Financial insecurity and ensuring I have proper relaxation time where I shut off from work. Also having no day-to-day colleagues means I am having to build a network of fellow freelancers and self-employed people to meet regularly with, which is actually great. I’m reconnecting with old friends and meeting lots of new people who do interesting and creative things.

How do you ensure you get time to yourself and what do you do with that time?

My son goes to nursery and is looked after by his grandparents. I have much more time for myself now than I did previously, because I have built it into my schedule right from the beginning. As I often do photo shoots at weekends and in the evening I am taking time for myself on weekday daytime without feeling guilty. I spend that time working on my own creative projects and swimming, both of which are very important for my happiness and sense of general well being.

Have you ever rediscovered or reinvented yourself? How?

After having my son it took me quite a while to understand my new identity as a mother – which parts of my old identity were still relevant and what did I need to add to that. In fact, I’m still working on it. My photography style is now closely related to my parenting style, so that is in some ways a reinvention of myself as a photographer.

Describe at least one physical feature you have that you consider to be beautiful

My height. I’m 6’ and I have never been ashamed or uncomfortable about it. It has had a role in shaping my personality and when I actually manage to get clothes that fit me they hang really well.

What makes you stand out?

Physically, my height makes it hard not to notice me. In terms of my photography business, I use the principles of attachment parenting (empathy, respect and understanding) to create a situation where children can feel comfortable and express themselves, so that I can take pictures that are a true representation of their personality at this point in their lives. I also work with a designer to create unique and beautiful photo products.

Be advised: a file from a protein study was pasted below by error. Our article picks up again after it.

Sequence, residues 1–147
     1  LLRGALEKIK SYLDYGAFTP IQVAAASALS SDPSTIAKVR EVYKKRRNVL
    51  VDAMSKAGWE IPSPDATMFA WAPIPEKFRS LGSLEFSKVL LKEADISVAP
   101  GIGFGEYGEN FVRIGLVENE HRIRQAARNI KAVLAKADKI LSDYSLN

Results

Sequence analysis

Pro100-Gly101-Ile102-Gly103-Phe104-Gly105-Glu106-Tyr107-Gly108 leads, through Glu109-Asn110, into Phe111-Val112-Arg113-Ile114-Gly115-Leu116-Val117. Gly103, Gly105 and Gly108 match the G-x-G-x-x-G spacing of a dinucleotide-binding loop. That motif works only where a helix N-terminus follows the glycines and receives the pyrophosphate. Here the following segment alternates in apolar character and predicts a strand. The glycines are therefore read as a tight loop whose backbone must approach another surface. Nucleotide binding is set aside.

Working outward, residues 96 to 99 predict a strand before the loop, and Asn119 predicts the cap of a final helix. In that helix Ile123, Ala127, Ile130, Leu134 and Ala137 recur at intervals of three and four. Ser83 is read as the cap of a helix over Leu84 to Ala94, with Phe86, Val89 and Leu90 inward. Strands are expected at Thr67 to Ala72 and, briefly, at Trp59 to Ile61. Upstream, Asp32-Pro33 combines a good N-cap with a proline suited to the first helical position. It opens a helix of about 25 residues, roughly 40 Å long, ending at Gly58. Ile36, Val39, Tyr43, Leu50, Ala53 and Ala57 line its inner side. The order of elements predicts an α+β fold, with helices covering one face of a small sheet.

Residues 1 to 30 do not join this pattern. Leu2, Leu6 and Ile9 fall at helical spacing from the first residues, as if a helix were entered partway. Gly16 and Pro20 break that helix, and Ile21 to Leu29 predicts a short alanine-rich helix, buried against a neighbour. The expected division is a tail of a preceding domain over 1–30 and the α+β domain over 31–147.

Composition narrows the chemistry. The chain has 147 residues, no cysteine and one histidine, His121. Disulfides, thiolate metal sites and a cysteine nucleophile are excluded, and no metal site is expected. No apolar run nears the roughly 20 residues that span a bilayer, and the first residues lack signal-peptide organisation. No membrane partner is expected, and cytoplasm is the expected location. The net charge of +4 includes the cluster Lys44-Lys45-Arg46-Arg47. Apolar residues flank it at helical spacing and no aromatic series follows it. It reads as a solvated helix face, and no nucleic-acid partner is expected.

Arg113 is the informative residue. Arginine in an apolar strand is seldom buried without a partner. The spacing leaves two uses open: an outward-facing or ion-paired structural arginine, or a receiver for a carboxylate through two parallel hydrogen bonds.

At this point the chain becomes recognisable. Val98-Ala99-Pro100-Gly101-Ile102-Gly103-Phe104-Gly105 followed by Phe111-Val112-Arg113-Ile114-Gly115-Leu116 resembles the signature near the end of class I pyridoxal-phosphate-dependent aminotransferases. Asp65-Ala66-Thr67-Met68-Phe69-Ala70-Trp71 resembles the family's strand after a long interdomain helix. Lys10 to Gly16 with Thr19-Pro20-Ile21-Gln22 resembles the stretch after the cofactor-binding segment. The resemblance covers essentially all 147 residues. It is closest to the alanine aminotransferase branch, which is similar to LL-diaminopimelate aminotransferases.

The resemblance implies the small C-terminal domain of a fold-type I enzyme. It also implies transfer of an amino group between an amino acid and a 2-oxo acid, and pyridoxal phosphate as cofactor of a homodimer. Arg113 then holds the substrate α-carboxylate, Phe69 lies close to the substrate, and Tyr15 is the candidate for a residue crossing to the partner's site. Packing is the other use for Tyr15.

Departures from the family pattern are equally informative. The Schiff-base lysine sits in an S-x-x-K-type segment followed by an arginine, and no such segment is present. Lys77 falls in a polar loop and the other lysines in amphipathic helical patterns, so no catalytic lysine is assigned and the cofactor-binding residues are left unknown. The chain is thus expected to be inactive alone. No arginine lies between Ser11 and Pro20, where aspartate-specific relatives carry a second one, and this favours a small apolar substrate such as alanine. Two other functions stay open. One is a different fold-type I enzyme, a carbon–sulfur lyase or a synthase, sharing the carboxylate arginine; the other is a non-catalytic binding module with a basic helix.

Is it important to you to support other mums?

Very. Since becoming a mother myself I feel like I have been welcomed into this special society of talented, creative, warm, caring and understanding women. I have much better relationships with other women than I ever had before. When I have struggled other people have supported me selflessly and I aim to do the same whenever possible.

Which mum inspires you?

I have been massively inspired by all the mums I have met who have forged new careers inspired by what they have learnt from being a mother, and then juggled these careers with parenting. The first of these that I met after having my son was Emily from the South London Sling Library.

What would you like the next Government to do to improve the lives of mums?

I’d like the choice of who looks after a child (either parent or childcare professional) to be able to based on what is right for that family rather than what they can afford. There is so much emphasis on getting mums back to work but what if they want to stay at home? And what about dads? The nature of mine and my husband’s work means that we are both able to be around for our son and pursue our careers at the same time. We are very lucky in this and I think we should work towards everyone having this option. In addition to help with childcare costs parents need flexible working options, higher wages and lower housing costs so that they are really able to make choices rather than having to do what is necessary.

A big thank you to Anna for sharing her story and do check out her lovely website.